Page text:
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Sunday, July 13, 2008

Interim taser "restrictions" in Nova Scotia (Canada)

Police in Nova Scotia must only use Tasers when they are threatened with violence or the public is put in danger, provincial Justice Minister Cecil Clarke said Thursday.

Nova Scotia is getting stricter about police Taser use, but the minister stopped short of a moratorium on stun guns.

Mr. Clarke released the second part of a ministerial review on Tasers on Thursday, saying he was restricting the use of the devices to "situations of violent or aggressive resistance or active threat" that could cause injury to police, the public or a suspect.

"I am instructing our law enforcement officials to continue to be prudent when they are making a judgment call about someone before using the conducted-energy device," the minister told a Province House news conference.

The review report, written by a seven-member advisory panel, said the provincial standard for Taser use by municipal police was "unacceptably vague" and said there were concerns about the device being used as a "compliance tool" on people who weren’t actively resisting.

Mr. Clarke said the restrictions will be in place until his department conducts a full policy review. Mr. Clarke said the province will hire a co-ordinator on use of force who will establish new standards for who should use the devices as well as how and when.

"I believe Nova Scotia is poised to be a world leader in the safe and prudent use of these devices," Mr. Clarke said.

Robert Purcell, executive director of the Justice Department’s public safety division, said the interim restrictions make things clearer for police officers. "This is setting the point at which a Taser is to be deployed at the upper range of the active resistance, where there is both the element of aggression or violence," said Mr. Purcell, a former police officer.

Taser use in the province increased 80 per cent in three years, to 182 times in 2007 from 101 times in 2005.

Mr. Clarke, who accepted all 16 of the report’s recommendations, said he is satisfied a moratorium on Tasers is not necessary. In fact, he said, the panel that wrote the report said a Taser ban would increase the risk to both the public and law enforcement.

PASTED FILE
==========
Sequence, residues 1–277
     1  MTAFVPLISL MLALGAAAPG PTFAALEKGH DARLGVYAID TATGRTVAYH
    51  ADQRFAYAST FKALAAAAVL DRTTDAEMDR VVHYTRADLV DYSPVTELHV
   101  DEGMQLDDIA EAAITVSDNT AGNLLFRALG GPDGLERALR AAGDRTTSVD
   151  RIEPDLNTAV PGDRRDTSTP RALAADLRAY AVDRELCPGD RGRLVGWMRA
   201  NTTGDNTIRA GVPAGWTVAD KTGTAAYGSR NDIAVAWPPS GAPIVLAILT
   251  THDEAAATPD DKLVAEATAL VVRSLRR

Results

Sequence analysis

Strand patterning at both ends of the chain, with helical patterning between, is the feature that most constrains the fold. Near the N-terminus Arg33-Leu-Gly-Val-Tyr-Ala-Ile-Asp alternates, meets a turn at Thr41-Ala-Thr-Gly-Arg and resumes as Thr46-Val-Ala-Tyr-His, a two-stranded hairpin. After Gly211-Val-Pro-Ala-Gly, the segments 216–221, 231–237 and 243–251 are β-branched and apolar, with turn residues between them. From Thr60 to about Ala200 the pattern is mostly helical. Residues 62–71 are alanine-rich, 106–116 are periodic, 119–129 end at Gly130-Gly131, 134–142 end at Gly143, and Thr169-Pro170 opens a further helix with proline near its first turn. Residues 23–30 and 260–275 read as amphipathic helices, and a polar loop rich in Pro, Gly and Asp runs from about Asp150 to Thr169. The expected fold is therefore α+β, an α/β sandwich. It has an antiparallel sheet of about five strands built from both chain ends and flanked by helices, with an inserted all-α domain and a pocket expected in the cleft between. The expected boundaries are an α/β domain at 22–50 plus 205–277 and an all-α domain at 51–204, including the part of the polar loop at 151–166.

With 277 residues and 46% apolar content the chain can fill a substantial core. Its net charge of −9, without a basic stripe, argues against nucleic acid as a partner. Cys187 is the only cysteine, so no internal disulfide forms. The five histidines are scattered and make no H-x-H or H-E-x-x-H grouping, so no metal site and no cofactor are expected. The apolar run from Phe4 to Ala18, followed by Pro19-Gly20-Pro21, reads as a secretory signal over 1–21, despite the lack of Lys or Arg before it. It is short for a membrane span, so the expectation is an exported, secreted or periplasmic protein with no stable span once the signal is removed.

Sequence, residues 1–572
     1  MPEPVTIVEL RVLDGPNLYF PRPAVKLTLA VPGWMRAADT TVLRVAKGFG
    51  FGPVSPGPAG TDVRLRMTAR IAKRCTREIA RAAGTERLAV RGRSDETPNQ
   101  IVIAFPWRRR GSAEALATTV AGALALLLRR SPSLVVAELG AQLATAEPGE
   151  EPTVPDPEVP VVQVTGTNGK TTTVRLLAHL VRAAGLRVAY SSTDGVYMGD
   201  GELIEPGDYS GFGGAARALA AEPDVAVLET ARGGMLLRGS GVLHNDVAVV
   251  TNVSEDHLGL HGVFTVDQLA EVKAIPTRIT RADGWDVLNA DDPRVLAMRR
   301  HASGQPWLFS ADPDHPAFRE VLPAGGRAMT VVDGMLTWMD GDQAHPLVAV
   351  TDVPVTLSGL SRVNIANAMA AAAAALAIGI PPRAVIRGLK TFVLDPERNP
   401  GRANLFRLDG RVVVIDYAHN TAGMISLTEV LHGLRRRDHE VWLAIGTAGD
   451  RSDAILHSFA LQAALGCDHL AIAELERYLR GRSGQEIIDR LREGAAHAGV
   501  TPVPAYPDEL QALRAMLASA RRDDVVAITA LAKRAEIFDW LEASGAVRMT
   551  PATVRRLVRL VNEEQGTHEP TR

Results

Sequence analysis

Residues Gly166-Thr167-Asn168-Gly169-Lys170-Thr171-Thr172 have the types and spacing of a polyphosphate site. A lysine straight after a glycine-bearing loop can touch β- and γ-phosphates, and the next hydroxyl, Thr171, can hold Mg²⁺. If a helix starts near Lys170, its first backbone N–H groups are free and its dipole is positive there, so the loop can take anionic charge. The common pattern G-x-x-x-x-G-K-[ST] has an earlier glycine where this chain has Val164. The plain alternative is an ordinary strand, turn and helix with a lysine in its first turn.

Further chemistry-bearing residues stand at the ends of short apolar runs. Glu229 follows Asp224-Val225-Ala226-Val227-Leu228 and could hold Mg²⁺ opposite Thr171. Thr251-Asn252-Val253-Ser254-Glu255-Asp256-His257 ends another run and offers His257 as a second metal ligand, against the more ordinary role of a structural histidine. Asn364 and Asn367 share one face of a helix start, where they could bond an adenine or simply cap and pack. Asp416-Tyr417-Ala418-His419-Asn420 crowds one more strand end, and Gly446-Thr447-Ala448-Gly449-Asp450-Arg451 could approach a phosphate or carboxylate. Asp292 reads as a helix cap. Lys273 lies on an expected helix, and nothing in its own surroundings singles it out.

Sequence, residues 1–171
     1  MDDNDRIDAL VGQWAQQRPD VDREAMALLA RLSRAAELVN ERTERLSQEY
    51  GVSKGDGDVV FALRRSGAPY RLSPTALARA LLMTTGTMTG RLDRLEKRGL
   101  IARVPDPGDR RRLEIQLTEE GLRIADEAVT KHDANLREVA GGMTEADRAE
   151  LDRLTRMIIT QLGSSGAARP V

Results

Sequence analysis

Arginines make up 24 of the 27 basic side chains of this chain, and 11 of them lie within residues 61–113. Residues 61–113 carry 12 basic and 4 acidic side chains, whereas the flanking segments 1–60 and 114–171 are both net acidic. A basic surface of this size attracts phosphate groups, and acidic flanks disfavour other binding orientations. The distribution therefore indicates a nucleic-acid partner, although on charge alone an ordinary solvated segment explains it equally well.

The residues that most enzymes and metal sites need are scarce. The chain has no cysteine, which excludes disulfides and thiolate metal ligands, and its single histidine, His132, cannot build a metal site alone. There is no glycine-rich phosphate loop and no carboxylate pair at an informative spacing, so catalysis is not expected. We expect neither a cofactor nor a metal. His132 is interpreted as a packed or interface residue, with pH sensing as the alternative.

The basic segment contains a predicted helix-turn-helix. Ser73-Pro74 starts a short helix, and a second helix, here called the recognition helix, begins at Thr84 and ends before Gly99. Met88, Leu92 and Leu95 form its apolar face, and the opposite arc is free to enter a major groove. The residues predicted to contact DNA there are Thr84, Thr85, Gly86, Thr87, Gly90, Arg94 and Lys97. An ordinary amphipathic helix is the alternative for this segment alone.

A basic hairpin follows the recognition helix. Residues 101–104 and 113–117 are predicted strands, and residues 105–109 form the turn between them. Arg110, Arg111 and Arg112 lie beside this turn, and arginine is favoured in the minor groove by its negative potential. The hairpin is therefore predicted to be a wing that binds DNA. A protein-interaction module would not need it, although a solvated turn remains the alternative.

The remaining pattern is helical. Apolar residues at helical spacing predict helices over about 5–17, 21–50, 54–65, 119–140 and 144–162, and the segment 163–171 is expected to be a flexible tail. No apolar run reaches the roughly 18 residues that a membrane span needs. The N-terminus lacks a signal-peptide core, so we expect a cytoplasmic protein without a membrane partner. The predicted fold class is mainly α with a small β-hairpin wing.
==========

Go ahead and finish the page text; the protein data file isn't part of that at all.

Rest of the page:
Both the RCMP and Halifax Regional Police said the wording of the interim restrictions is similar to policies their forces already have in place.

"Not a big change for officers on the street for HRP in relation to when they use the device," said Const. Jeff Carr, regional police spokesman.

RCMP Supt. Blair McKnight, the officer in charge of criminal operations in Nova Scotia, said they are still having a look at the report, but so far "nothing sticks out as problematic."

"We think we can work within those parameters," he said Thursday.

NDP justice critic Bill Estabrooks said he doesn’t think the new restrictions will change much. "It still comes down to the judgment of the officer in that particular incident and the circumstances involved," he said. "Each one is different, I understand, but I had hoped there would be much more direction given to officers when they make that decision that they are going to rely on the Taser."

Mr. Estabrooks said the planned hiring of a co-ordinator on use of force will just add another level of bureaucracy.

Liberal justice critic Michel Samson said he hopes the message will be clear that police should be extremely careful about when they use Tasers. "Tasers should only be used in very limited situations, certainly not at the level we have seen in the past," Mr. Samson said.

Mr. Clarke ordered the report after the death of Howard Hyde, a Dartmouth man who died about 30 hours after he was Tasered by Halifax police. Mr. Hyde, who suffered from schizophrenia, died Nov. 22 after struggling with jail guards and collapsing at the Central Nova Scotia Correctional Facility in Dartmouth.

Mr. Hyde’s sister, Joanna Blair, said she was encouraged that the report recommends the province establish a panel of experts to address the issue of excited delirium, a state of agitated, exhaustive mania. But she said the report doesn’t answer the family’s main question — why Mr. Hyde, who was in an obvious psychotic state, wasn’t transferred to hospital? She said the family still has not received a report from the medical examiner about the cause of her brother’s death. "I, and my family, have been left in the dark for eight months now," Ms. Blair said. "It’s been very arduous for all of us."

Thursday’s report is the second from the panel. The first report, released in March, said the amount of Taser training differs significantly among law enforcement agencies.

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